Excessive urination (medical term polyuria [pah-lee-YOOR-ee-ah]; abbreviated as PU) is a sign of diabetes. It may also be a sign of other conditions. See the FDMB thread below for other reasons for dilute urine[1].

Animals with high blood glucose levels urinate frequently and in large amounts to rid their bodies of excess glucose. With cats that use a litter box, excessive urination is an early but often overlooked sign of diabetes. The clumps in the litter box of an unregulated diabetic cat can be very large, numerous, and sticky.

Excessive urination often is accompanied by excessive thirst (medical term polydipsia [pah-lee-DIP-see-uh]; abreviated as PD). Diabetic animals often drink incessantly because they are dehydrated from the cell-dehydrating effects of hyperglycemia, plus the effects of their bodies casting off the excess glucose through urination, taking hydration with it.

The extra urine is full of glucose, as can be easily seen using Urine testing stix, and is therefore hospitable to bacteria. This can easily lead to a urinary tract or kidney infection.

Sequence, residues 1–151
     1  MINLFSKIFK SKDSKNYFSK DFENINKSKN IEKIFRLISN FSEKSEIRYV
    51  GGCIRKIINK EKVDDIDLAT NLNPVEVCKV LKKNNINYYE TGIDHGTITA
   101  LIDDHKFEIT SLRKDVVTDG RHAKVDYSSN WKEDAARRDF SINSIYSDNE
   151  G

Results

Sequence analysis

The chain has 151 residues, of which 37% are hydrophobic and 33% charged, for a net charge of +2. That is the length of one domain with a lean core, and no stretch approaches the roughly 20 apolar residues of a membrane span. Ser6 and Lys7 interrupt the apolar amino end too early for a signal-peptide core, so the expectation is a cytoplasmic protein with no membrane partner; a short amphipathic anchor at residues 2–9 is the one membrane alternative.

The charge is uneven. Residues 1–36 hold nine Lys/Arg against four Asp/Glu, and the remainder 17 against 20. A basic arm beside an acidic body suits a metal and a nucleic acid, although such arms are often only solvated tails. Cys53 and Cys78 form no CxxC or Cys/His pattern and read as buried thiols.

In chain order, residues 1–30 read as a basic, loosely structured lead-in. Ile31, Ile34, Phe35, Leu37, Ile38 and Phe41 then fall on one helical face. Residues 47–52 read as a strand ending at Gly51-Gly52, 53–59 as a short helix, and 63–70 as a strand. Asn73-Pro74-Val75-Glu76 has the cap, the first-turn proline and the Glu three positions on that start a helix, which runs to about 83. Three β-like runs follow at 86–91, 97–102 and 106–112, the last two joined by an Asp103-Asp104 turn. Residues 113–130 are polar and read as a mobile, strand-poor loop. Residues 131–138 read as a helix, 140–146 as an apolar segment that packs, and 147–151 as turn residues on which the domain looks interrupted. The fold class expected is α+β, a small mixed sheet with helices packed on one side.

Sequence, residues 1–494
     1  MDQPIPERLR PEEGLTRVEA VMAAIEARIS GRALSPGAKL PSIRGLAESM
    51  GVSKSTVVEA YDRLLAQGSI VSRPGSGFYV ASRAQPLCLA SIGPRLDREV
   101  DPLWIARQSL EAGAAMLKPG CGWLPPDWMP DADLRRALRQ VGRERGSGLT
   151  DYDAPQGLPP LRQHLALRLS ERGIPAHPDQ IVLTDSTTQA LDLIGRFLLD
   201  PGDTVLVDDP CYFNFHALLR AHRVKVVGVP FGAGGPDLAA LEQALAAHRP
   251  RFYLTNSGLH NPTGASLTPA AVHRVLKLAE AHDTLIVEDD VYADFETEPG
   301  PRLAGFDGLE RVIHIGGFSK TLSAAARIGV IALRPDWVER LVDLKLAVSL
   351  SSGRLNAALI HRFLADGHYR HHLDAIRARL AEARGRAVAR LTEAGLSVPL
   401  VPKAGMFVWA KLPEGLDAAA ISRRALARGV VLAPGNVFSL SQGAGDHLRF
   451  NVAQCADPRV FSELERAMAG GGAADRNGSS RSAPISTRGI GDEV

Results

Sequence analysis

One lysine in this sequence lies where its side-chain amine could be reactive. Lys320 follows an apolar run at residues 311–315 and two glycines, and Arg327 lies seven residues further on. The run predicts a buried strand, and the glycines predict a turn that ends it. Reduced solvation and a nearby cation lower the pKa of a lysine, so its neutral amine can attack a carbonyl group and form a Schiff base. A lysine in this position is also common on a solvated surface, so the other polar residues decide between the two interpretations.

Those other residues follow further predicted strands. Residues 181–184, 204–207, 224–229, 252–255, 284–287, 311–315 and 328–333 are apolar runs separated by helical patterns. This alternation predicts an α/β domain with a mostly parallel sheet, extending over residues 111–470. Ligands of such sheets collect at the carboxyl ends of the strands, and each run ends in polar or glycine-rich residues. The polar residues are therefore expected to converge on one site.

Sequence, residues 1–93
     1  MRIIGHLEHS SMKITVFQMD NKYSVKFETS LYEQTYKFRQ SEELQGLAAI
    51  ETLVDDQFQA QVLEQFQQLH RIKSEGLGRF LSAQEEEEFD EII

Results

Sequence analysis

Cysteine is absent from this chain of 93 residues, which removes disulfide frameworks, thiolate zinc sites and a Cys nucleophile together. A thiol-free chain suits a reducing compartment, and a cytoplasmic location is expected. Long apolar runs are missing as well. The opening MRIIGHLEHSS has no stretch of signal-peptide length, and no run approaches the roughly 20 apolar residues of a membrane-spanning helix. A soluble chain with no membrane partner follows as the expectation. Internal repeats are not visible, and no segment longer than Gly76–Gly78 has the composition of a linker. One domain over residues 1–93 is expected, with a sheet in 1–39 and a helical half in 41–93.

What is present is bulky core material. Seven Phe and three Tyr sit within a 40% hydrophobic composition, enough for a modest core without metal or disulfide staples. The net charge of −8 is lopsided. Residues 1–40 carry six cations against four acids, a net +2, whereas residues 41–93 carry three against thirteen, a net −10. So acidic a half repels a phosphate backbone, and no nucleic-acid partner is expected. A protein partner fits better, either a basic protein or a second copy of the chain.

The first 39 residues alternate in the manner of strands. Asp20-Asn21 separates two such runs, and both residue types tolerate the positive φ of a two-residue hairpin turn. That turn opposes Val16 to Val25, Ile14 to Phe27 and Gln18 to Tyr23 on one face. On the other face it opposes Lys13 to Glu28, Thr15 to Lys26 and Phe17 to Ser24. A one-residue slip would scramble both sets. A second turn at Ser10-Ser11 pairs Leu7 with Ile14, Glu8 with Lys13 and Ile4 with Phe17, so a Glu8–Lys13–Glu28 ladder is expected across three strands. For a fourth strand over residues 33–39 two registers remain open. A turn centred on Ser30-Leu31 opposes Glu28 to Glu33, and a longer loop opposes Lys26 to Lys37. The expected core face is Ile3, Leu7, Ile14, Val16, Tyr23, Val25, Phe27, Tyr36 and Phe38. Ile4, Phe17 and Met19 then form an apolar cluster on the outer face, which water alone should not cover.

In multi-cat households, it may be difficult to determine which cat is urinating excessively, but other diabetic symptoms, such as lethargy, weight loss, neuropathy, and excessive thirst can help you identify which cat is involved. You also could place the cats for a period of time in separate rooms with separate litter boxes to help you identify the cat that is urinating excessively.

It is fairly common for diabetic cats to urinate and sometimes defecate outside of their litter boxes. This behavior is not necessarily a sign that the litter box is in the wrong place, or not clean, or that the cat was not able to "make it" to the box. Cats often will urinate and defecate inappropriately when they do not feel well.

Inappropriate urination often is self-correcting once the cat's blood glucose levels become regulated.

With all cats, diabetic or not, you should practice meticulous litter box hygiene. The link below[2] has an excellent article on caring for a litter box.

A small benefit of an unregulated animal's excessive urination is frequent opportunities to test its urine for ketones using urine testing stix.

Specific Gravity[edit | edit source]

The concentration (or lack of it) is determined by what's called a urine specific gravity test. The basis for comparison used is the specific gravity of water, which is 1.000.

If the specific gravity of a dog or cat's urine is less then 1.035, polydipsia is suspected[3].

Daily urine output for a cat or dog of more than 20 mililiters per pound of body weight means polyuria, or over-frequent urination[4].

Further Reading[edit | edit source]

Felinediabetes.com on excess urination

References[edit | edit source]

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